Despite hesitation by many brands to weigh in on politics, the majority (66%) of customers actually want brands to take a stand on big issues, according to a new Sprout Social study emailed to Retail Dive.
Social media is apparently the go-to place to do it: 58% of respondents said they'd be open to political messages from brands on that platform. However, 66% said brand posts rarely influence their opinions and retailers would be better-served by announcing donations to a cause on social (39%) or encouraging followers to take their own steps toward a cause (37%).
According to Sprout Social, most customers react well to brands taking political stances, especially if a customer's personal beliefs align with the brand's, as 28% will publicly praise the brand and 44% will purchase more from the brand. That works both ways, though: 20% will publicly criticize a brand if they disagree with the stance they've taken and 53% will purchase less from the brand.
As customers become more invested in their favorite brands, some retailers have begun to overlook the old taboo and take firmer stances on both social and political issues.
Outdoors retailers have been at the forefront of many of those movements, with both Patagonia and REI taking bold stances on Black Friday — REI for urging customers to #OptOutside instead of participating in the commercialist shopping spree and Patagonia for giving its 2016 Black Friday profits to grassroots environmentalist causes.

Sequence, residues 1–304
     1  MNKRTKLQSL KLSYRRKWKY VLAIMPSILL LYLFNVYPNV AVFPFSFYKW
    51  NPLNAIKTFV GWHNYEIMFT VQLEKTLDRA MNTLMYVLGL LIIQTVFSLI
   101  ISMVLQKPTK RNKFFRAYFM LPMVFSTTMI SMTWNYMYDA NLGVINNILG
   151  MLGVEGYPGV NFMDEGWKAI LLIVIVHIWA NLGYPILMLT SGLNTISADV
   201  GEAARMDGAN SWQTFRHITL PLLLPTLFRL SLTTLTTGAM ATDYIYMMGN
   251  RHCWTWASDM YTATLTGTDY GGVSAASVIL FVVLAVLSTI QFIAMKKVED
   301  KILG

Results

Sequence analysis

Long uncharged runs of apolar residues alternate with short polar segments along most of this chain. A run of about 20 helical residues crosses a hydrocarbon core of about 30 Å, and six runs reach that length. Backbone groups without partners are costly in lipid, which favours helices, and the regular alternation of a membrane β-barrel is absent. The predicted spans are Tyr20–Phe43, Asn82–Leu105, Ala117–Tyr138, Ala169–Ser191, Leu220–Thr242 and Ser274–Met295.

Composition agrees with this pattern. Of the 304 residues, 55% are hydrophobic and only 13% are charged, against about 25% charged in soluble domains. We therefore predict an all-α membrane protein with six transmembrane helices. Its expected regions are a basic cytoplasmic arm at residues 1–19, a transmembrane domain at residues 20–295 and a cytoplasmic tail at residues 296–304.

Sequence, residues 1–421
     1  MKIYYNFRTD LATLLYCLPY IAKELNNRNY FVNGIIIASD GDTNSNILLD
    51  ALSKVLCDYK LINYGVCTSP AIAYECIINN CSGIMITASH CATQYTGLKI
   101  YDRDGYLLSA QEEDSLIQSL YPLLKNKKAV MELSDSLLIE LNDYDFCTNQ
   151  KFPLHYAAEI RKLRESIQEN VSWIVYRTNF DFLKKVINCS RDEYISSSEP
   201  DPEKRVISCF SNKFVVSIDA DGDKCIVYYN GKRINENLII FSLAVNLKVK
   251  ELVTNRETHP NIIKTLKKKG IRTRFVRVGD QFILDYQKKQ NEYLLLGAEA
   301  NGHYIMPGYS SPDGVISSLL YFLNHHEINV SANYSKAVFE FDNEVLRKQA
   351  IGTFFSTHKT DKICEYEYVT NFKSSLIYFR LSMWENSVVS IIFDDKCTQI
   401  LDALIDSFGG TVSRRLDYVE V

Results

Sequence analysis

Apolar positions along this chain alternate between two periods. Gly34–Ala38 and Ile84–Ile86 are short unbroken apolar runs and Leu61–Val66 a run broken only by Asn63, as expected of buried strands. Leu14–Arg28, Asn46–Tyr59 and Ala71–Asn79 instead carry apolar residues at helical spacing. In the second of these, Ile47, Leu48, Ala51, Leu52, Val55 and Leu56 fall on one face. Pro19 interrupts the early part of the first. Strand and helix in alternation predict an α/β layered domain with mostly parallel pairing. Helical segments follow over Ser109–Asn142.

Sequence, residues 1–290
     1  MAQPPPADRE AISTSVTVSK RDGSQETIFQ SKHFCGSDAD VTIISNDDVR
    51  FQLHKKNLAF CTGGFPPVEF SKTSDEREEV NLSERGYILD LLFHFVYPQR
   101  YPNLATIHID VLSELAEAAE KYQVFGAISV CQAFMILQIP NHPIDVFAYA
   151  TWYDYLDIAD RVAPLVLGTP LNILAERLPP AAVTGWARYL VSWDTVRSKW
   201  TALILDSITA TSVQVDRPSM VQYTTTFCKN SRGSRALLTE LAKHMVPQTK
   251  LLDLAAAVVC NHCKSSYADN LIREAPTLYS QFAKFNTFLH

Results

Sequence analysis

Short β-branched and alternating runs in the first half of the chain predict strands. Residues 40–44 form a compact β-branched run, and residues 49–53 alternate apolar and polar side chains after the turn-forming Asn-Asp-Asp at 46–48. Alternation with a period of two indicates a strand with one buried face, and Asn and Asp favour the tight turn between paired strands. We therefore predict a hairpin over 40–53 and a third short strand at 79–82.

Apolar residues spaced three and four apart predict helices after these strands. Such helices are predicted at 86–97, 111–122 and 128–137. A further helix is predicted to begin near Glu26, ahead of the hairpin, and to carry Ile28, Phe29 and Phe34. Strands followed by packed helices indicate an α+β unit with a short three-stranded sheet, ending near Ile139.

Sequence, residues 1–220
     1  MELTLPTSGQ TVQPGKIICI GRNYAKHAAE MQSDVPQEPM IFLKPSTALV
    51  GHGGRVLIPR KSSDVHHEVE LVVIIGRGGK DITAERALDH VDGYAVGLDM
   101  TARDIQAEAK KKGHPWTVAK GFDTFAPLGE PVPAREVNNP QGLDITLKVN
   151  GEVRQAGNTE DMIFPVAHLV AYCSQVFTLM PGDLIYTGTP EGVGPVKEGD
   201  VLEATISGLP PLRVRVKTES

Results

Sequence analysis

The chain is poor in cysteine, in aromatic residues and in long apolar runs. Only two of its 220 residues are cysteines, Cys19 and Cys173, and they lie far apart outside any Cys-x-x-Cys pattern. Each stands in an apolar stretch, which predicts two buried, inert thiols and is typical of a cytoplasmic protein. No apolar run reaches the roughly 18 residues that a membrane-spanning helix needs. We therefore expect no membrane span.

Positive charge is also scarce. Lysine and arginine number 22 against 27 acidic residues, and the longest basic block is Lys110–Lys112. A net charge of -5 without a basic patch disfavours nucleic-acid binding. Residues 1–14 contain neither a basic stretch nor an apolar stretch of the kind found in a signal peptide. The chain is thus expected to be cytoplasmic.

The latter has also become more vocal during the Trump administration, launching its first TV ad in response to moves by President Donald Trump that threatened public lands and national monuments. That was followed up by a bold statement that cropped up temporarily on the retailer's website in December, accusing President Donald Trump of using an illegal move to reduce the size of public lands in "the largest elimination of protected land in American history." But these moves can backfire as well, as we saw with Donna Karan's controversial statements on Harvey Weinstein and sexual assault back in October.
According to the Sprout Social study, these more liberal stances could perform better for retailers, as nearly 80% of liberals said they want brands to take a stand, while that number sank to 52% for conservatives. Conservatives also found retailers to be less credible when taking a stand, with only 46% buying into the political message, compared to 82% of liberals who thought a retailer's stance was genuine. According to both parties, brands are most credible when the issue they're discussing impacts their customers (47%), employees (40%) and business operations (31%).
The topic also has an impact on how consumers will respond. Not every issue is one that should be tackled by a retailer, but consumers felt most strongly about retailers making a stance on human rights (58%), labor laws (55%), poverty and gender equality (both 48%), and education and the environment (both 45%).
That's good news for retailers catering to Gen Z — the youngest generation is eager for brand interaction, and 55% of the group chooses brands because they're eco-friendly and socially responsible. Taking a political stance on issues that matter to this generation could have a big impact on winning over customers who are both loyal and engaged.